Taking a Gender Lens to the Corruption Fight
Kuala Lumpur, Malaysia, 21 December 2020
“It is incumbent upon policymakers to identify data-backed policies that alleviate the double burden women currently face, because we all benefit when women participate in the economy.”
- Datuk Seri Rina Harun, Malaysia’s Minister of Women, Family and Community Development
Women are critical to the achievement of sustainable economic development in the APEC region. Studies have shown that corruption affects women and men disproportionately. Women, usually those at grassroots level, often experience the onslaught of corruption as victims rather than perpetrators of the crime. However, rather than seeing women as victims, they should now be regarded as part of the solution in the fight against corruption.
Being mindful of the differential impacts of corruption on gender and the urgency to address those underlying issues and concerns which could be both causes and effects of corruption on different genders, the Anti-Corruption and Transparency Experts Working Group (ACTWG) in collaboration with the Policy Partnership on Women and the Economy (PPWE) held a symposium titled “Gender Mainstreaming and Women Empowerment to Fight Corruption” at Putrajaya, Malaysia, before pandemic-related lockdowns were raised. The symposium aimed to benefit all APEC member economies and enforcement agencies in terms of providing them the ways and strategies to fight corruption through the development of knowledge, specifically, of the casual relationship between gender and corruption and its effect on women, men and society at large.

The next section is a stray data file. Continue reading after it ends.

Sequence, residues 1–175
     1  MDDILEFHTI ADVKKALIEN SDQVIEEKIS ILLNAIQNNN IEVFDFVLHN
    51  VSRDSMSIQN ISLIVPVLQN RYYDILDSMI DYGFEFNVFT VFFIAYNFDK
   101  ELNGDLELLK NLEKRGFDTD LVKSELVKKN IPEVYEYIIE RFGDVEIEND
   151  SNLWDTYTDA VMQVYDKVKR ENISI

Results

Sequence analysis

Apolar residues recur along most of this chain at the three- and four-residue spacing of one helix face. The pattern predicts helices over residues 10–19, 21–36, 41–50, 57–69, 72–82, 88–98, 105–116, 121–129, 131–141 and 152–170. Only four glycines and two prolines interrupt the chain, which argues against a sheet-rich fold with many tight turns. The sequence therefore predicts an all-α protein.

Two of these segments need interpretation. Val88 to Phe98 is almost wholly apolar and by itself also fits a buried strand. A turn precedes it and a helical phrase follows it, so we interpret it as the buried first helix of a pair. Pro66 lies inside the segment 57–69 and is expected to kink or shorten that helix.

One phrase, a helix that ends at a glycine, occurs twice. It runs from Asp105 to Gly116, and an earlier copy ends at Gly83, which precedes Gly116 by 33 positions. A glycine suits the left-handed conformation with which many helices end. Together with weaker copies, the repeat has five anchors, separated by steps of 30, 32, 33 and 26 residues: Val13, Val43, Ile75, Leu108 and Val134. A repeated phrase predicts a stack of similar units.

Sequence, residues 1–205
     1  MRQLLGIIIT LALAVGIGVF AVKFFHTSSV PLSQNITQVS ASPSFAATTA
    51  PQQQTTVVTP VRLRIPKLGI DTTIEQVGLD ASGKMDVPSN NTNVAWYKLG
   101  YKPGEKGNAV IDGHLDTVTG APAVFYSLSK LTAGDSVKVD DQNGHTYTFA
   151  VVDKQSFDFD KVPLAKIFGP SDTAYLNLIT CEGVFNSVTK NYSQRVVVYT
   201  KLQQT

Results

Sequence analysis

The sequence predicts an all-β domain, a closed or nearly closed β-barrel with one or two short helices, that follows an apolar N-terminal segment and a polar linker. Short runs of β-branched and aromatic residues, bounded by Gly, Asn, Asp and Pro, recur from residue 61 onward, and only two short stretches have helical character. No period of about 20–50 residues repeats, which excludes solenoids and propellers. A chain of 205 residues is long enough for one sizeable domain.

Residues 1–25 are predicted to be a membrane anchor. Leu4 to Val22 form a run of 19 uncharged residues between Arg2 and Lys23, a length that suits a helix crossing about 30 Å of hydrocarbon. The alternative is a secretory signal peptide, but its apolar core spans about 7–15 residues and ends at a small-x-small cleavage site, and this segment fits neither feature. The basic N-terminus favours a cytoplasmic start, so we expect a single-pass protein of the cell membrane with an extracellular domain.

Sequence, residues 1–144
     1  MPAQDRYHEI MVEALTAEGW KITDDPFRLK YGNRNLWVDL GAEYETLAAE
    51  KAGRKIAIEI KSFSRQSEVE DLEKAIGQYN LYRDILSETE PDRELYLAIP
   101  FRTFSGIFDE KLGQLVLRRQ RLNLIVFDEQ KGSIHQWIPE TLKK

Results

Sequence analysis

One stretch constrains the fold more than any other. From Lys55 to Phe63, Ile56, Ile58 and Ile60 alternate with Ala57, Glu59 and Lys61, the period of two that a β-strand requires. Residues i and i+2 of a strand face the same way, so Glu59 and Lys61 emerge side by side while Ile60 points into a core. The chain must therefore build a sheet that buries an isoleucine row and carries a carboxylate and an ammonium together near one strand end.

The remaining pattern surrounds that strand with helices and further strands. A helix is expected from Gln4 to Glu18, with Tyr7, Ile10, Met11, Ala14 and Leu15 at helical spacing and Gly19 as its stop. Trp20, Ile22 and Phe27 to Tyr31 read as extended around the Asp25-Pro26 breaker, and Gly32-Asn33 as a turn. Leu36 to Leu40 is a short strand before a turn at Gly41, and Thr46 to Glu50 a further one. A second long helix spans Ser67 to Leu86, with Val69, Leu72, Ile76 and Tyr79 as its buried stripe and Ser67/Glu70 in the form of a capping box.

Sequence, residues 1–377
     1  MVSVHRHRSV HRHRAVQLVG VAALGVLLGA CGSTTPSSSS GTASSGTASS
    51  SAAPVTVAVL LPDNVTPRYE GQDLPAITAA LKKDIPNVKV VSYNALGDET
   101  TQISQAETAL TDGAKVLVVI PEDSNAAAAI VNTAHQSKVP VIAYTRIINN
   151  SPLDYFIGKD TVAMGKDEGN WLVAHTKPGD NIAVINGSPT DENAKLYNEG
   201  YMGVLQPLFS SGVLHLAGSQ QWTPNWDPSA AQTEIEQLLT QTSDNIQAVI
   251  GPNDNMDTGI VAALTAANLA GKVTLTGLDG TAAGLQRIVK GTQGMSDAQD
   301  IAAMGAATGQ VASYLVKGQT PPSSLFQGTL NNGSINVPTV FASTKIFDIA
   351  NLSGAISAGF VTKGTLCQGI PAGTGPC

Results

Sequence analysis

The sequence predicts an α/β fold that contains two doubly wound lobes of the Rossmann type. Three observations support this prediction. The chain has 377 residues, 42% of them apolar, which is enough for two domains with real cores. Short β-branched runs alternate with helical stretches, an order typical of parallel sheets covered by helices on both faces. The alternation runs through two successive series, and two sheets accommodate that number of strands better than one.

While its central topic has never been raised or duplicated in any previous APEC project, this symposium is a product of ongoing work, complimenting cross-fora meetings the PPWE held in Chile in 2019 on addressing gender and corruption. The impact of corruption on women was discussed and some case studies were presented by international organizations and members of academia. Speakers provided in-depth perspectives on how to design, implement and monitor gender mainstreaming anti-corruption policy and programs, which contributes to amplifying the political, economic and social empowerment of women.
Before the symposium, we mapped the landscape through a stocktaking survey that assessed the status of integration by APEC economies in gender mainstreaming and women empowerment to fight corruption. During the symposium, we discussed three broad areas, namely, the international perspectives of gender mainstreaming in anti-corruption initiatives delivered by experts; empowerment of women in law enforcement, economic, political and social spheres from the perspectives of the private and public sector and women-led grassroots organizations; and the implementation of gender mainstreaming policies and practices by policy makers and practitioners among APEC member economies.